London. Pope Francis on Tuesday praised the "devoted public service" of British MP David Amess, who was stabbed to death while meeting constituents, as politicians honoured him at a Roman Catholic funeral mass.
The requiem mass at Westminster Cathedral heard a message from Francis delivered by Archbishop Claudio Gugerotti, the pontiff's envoy to Britain.
In the message, Pope Francis called for mourners' resolve to be strengthened to "combat evil with good" and "build a society of ever greater justice", following the devout Catholic's killing last month.
"His Holiness recalls with gratitude Sir David's years of devoted public service guided by his strong Catholic faith and evidenced in his deep concern for the poor and the disadvantaged," the message said.
Amess, 69, was stabbed at a regular constituency meeting in a church hall. A 25-year-old man, Ali Harbi Ali, was arrested at the scene and later charged with murder.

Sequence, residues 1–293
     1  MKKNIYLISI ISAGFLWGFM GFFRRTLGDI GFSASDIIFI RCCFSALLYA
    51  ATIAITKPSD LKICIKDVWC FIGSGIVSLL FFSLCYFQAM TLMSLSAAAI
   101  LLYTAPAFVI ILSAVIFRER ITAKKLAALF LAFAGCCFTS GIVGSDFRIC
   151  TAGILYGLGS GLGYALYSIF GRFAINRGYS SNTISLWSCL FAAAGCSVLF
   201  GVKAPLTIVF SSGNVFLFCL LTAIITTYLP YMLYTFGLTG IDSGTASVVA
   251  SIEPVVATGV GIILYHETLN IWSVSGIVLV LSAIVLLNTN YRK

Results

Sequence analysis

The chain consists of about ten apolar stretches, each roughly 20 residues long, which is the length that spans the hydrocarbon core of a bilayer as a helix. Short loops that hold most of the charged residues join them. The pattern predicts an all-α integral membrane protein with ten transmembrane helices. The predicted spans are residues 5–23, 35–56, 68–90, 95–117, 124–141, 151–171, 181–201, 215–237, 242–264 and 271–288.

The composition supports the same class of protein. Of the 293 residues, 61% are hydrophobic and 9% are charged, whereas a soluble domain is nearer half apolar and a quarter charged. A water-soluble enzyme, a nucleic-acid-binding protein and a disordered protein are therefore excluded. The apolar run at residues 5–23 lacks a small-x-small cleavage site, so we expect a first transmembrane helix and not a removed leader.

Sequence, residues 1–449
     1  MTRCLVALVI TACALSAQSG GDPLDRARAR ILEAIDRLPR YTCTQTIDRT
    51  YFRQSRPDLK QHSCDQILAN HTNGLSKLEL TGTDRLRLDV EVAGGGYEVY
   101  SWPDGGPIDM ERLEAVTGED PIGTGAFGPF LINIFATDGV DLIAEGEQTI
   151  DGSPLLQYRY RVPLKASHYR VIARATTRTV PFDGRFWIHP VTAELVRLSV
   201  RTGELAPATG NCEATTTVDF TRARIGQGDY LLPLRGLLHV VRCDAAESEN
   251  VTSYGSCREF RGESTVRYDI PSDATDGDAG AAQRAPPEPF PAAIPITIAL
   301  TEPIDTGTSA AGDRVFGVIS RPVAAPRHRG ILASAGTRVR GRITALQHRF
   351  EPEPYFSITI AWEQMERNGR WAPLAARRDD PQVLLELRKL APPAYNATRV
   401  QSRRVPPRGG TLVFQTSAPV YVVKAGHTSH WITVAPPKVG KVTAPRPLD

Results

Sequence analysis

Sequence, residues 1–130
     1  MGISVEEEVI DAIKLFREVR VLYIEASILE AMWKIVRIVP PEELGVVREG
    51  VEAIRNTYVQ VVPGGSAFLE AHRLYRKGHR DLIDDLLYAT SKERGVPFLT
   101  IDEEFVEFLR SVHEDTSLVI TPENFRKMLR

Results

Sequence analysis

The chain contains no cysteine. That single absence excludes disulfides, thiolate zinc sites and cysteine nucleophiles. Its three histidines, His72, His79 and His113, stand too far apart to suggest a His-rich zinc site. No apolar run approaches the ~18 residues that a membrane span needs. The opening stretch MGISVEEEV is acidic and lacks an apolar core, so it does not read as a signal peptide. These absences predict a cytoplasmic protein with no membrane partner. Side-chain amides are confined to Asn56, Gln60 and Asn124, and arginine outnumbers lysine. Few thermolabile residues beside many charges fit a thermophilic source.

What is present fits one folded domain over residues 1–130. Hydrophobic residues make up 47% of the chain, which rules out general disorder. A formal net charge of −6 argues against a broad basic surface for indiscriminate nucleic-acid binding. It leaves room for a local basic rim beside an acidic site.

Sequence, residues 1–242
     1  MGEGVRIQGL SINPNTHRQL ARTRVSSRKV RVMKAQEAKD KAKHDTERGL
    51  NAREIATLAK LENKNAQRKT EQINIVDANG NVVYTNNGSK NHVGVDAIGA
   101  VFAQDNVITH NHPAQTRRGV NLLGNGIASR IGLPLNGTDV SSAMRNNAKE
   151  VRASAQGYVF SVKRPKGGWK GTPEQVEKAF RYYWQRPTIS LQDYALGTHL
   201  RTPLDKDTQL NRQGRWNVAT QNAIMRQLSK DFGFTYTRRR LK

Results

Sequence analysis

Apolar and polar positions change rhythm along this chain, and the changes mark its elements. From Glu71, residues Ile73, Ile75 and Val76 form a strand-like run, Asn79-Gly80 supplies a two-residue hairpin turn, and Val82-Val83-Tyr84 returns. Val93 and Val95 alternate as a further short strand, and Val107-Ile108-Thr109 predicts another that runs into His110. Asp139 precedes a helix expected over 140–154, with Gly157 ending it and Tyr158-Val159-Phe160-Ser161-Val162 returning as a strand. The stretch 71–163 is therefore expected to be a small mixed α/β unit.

Prosecutors have said the attack on the veteran Conservative politician had a "terrorist connection". Ali is due to stand trial in March next year.
Politicians including Prime Minister Boris Johnson, opposition Labour leader Keir Starmer and three former prime ministers attended Tuesday's service at the Roman Catholic cathedral in central London.
The mass followed a private funeral for Amess held in his constituency of Southend-on-Sea, east of London, on Monday.
Hundreds of people in Southend turned out to pay their respects, lining the streets as the MP's coffin, draped in the Union Jack, was carried around the town in a hearse drawn by four black horses.
Amess was the second serving British MP to be killed in the past five years, and his death provoked widespread calls for a new civility in politics.
But Labour's Diane Abbott, who in 1987 became Britain's first black woman MP, said on Tuesday that "the death threats have got worse since the death of Sir David Amess".
"The abuse I receive, including the death threats, often echoes irresponsible headlines, and I think press regulation must accompany social media regulation," she told BBC radio.